presented by ZKM (Center for Art and Media, Karlsruhe, Germany)

PARIS CONNECTION

Paris Connection is co-produced and co-published by Arteonline.arq.br (Rio), Coriolisweb.org (Toronto), dichtung-digital.org (Berlin), Turbulence.org (New York). It contains introductions to, interviews with, and reviews on: Jean-Jacques Birgé, Nicolaus Clauss, Frédéric Durieu, Jean-Luc Lamarque, Antoine Schmitt, Servovalve. For French, Portuguese and Spanish version see: http://vispo.com/thefrenchartists. The version on dichtung-digitial is made possible by ZKM.


credits
editorial
introduction
digital art

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Birgé
intro
interv.

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Clauss
intro
interv.
review

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Durieu
interv.
review

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Lamarque
intro
interv.

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Schmitt
intro
interv.
review

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Servovalve
intro
interv.
review




INTRODUCTION to Antoine Schmitt by Jim Andrews

Intro
Interview
Review

Concerning the programming and creation of online entities, the work of Antoine Schmitt (Paris) is very notable.

"Avec determination" is a minimalist study of lively motion via the programmed. Depending on the mood you catch it in, you might get quite a show.

Schmitt's work is almost down to the code except for the few graphical lines involved. I imagine that there are at least several hundred more lines of code for each of the simple graphical lines. The emphasis here is not so much on software as art.

Once you're finished, read Schmitt's statement about "avec determination". The final paragraph:

"For each of these creatures, I try to approach a certain essence of being. A mode of being of different quality for each of them. And for this, I concentrate on their dynamics, their movement, on the shapes that take their motivation in their reality. The function of the image is to enable us to apprehend their mode of being. The interaction itself is only a minimal link between their reality and ours. For each of these creatures, its presence, if it manifests itself, derives from a subtle relationship between the motivation and the shapes and forces of the randomness, of the body and of the universe."

He is passionate and devoted to this mixture of philosophy and lively entified art. "Avec determination" was, I believe, done in 2000.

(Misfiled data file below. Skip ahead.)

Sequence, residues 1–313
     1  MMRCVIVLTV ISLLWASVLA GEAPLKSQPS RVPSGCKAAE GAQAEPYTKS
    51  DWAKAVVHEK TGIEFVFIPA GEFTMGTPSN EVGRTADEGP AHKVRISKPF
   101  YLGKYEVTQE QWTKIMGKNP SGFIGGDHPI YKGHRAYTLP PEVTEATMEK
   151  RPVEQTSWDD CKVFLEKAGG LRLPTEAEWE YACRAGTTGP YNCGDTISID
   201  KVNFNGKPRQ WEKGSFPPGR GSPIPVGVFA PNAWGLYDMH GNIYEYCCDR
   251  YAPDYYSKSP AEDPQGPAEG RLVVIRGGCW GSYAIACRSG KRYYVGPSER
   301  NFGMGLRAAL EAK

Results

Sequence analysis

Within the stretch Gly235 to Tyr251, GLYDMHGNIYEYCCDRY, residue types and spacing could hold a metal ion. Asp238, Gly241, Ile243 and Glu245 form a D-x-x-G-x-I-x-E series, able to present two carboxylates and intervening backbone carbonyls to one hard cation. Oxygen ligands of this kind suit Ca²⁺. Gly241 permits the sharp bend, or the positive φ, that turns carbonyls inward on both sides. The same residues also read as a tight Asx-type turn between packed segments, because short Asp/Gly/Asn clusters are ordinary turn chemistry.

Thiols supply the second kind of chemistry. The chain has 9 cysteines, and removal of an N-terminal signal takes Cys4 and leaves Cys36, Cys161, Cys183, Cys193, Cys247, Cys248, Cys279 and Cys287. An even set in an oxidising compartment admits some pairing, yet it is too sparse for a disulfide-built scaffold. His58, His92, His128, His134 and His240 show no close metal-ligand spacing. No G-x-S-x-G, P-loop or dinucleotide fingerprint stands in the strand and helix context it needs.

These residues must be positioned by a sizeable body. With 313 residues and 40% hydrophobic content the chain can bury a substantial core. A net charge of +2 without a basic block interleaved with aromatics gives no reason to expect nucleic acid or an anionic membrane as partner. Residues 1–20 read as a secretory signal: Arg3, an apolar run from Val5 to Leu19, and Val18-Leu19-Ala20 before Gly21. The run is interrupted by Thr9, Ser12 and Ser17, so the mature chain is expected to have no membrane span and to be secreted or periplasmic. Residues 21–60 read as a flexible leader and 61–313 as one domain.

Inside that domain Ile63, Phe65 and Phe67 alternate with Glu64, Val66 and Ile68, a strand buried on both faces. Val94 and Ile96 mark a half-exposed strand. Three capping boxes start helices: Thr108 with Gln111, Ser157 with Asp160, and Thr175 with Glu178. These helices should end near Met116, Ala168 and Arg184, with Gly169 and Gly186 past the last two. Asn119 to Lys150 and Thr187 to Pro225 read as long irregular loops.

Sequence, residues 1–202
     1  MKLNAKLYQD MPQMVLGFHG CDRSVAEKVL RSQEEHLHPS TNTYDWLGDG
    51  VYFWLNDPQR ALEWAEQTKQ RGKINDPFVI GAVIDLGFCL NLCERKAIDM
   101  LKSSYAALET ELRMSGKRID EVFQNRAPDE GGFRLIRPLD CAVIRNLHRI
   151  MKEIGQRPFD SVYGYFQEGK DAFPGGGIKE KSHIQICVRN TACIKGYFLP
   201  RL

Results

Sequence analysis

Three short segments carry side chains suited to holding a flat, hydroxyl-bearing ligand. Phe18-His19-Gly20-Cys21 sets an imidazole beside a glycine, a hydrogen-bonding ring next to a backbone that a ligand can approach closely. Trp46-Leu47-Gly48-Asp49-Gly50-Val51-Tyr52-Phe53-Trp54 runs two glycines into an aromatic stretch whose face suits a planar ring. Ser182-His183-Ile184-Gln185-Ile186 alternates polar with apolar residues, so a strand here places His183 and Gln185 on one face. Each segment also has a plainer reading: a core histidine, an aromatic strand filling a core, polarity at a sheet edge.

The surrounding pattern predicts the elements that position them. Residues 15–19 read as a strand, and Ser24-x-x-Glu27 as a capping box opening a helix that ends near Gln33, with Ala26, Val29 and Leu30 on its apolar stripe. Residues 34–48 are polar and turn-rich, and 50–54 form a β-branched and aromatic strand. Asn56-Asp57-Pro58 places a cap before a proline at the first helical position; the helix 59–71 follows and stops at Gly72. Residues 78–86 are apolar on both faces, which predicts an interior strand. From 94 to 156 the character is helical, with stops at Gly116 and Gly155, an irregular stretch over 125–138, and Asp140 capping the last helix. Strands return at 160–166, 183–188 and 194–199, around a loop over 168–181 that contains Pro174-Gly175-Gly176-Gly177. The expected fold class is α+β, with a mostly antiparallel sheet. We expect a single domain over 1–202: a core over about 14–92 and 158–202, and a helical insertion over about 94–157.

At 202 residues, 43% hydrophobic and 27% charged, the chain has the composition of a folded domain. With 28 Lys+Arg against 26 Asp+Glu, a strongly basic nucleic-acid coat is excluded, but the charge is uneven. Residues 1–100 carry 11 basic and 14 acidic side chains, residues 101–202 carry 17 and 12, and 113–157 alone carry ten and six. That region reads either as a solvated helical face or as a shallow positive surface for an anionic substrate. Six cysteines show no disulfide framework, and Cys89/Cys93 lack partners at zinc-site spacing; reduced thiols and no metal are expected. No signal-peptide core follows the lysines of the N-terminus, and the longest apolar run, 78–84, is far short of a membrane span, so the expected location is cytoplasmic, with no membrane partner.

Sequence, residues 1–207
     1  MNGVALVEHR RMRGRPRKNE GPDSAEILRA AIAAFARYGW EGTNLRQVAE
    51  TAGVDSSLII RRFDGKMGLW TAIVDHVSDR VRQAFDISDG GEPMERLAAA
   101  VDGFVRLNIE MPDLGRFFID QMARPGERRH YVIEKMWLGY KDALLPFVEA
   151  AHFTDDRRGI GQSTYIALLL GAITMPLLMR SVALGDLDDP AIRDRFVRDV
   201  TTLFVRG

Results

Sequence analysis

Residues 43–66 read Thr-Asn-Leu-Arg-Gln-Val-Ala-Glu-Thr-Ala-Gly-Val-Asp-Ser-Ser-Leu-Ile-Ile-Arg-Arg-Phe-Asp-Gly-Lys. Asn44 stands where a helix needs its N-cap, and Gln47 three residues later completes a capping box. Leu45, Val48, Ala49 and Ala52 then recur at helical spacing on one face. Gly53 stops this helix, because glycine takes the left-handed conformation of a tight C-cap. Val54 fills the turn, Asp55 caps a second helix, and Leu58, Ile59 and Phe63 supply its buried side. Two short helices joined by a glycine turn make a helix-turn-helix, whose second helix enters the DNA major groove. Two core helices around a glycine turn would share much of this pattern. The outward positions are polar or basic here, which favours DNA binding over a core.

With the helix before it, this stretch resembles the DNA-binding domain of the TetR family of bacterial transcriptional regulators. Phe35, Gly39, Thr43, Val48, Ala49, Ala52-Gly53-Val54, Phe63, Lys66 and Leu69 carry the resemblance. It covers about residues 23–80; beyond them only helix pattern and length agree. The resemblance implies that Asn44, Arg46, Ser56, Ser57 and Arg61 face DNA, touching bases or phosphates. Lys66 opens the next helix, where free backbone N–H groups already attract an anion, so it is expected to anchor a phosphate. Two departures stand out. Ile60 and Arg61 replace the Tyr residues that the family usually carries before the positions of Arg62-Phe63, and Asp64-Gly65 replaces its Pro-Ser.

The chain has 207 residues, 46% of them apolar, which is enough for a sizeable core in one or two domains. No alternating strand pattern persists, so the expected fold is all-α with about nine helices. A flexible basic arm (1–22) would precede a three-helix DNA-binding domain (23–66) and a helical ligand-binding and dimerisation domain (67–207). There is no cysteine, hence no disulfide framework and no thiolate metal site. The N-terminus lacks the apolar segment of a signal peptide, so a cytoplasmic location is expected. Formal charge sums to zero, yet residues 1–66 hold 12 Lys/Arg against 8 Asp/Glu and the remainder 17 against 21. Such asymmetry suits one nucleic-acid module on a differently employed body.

What we see in the above quote, his other writing, and in the work itself is a very articulate presentation of the confluence of programming and art. The philosopher, artist, and programmer/mathematician are all present in Schmitt—a rare combination.

Schmitt is a very knowlegeable programmer. He also has written an Xtra for Director called asFFT (fast fourier transform) that allows Director pieces to respond to sound you play through your computer, whether it's through winamp or your microphone or whatever. You can download and install this Xtra and then try out some of the pieces that use the asFFT Xtra. These include Schmitt's Venus #1 which moves to whatever music you play through your system. There are also links on his site to the work of other people who have used his asFFT Xtra.

On my machine, which is a lowly 400 MHz Pentium II, the synchronization is not instantaneous, but I presume it is on faster machines.

The asFFT Xtra is very intriguing, but the work I have seen, so far, done with it is about as interesting as a lava lamp. Needs work; probably artistic realization versus programming work. The visual reactions are not compelling, dramatic, ensouled.

"For each of these creatures, I try to approach a certain essence of being. A mode of being of different quality for each of them. And for this, I concentrate on their dynamics, their movement, on the shapes that take their motivation in their reality."

Antoine Schmitt


Avec determination


worldensemble


Venus #1

Oops, no: not artistic realization versus programming work. The two are inextricably fused in Schmitt's work—that is part of what he is telling us. And it's one of the compelling things about his work. If you think of what it will take to make the thing more lively, you see it has to do with the way the Director piece responds to the sound, and the way it responds to sound is largely a matter of programming as opposed to the particular look of the creature itself, though of course the look of the thing, it's geometry, will be highly related to the code, as he indicates in his statement when he says: